An interesting summary of the independence debate in Scotland from The Economist:
Put up or shut up. That is the risky (but arguably rather canny) message that David Cameron has sent to the pro-independence head of the Scottish devolved government in Edinburgh, Alex Salmond. Specifically, Mr Cameron has announced that the British government and Westminster Parliament are willing to give Mr Salmond the referendum on Scotland’s future that he says he wants — as long as it is a proper, straight up-and-down vote on whether to stay in the United Kingdom or leave, and is held sooner rather than later.
It is not that Mr Cameron wants to break the three hundred year old union between London and Edinburgh. Both emotionally and intellectually, he is fiercely committed to the union as a source of strength for both Scotland and Britain, insist Conservative colleagues who have discussed the question with him. Publicly, he has pledged to oppose Scottish independence with “every fibre” of his being.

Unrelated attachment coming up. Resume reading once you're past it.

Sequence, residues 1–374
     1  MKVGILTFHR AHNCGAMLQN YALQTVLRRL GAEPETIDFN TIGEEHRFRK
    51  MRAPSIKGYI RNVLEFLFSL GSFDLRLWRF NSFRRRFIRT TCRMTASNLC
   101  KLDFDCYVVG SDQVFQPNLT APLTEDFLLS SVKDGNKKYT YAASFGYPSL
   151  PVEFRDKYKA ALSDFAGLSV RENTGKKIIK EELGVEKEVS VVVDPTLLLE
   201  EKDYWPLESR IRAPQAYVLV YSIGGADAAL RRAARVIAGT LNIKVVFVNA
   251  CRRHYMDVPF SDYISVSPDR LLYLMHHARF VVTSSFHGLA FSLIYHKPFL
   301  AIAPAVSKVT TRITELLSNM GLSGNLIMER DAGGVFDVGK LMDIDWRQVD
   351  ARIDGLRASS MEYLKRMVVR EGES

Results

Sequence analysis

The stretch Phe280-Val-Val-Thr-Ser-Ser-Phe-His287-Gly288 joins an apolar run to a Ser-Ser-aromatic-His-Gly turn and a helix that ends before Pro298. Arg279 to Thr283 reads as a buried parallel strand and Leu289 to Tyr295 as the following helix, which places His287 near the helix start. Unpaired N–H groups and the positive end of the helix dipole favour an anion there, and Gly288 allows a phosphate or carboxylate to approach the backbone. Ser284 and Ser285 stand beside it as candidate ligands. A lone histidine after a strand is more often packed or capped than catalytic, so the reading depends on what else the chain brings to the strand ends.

But Mr Cameron and his ministers also feel that Scotland has been drifting in a constitutional limbo, ever since Mr Salmond’s Scottish National Party (SNP) won an outright majority at Scottish parliamentary elections in 2011 (a feat that was supposed to be impossible, under the complex voting system used in Scotland). The SNP campaigned on a simple manifesto pledge to hold a referendum on the future of Scotland. But after his thumping win Mr Salmond slammed on the brakes and started talking about holding a consultative vote in the second half of his term in office, ie, some time between 2014 and 2016.